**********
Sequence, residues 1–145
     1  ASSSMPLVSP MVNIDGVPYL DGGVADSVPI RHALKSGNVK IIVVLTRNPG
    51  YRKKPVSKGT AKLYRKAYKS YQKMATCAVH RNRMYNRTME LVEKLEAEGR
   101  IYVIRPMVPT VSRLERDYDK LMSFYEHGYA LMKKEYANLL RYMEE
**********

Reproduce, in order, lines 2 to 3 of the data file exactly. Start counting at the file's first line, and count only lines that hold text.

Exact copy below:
     1  ASSSMPLVSP MVNIDGVPYL DGGVADSVPI RHALKSGNVK IIVVLTRNPG
    51  YRKKPVSKGT AKLYRKAYKS YQKMATCAVH RNRMYNRTME LVEKLEAEGR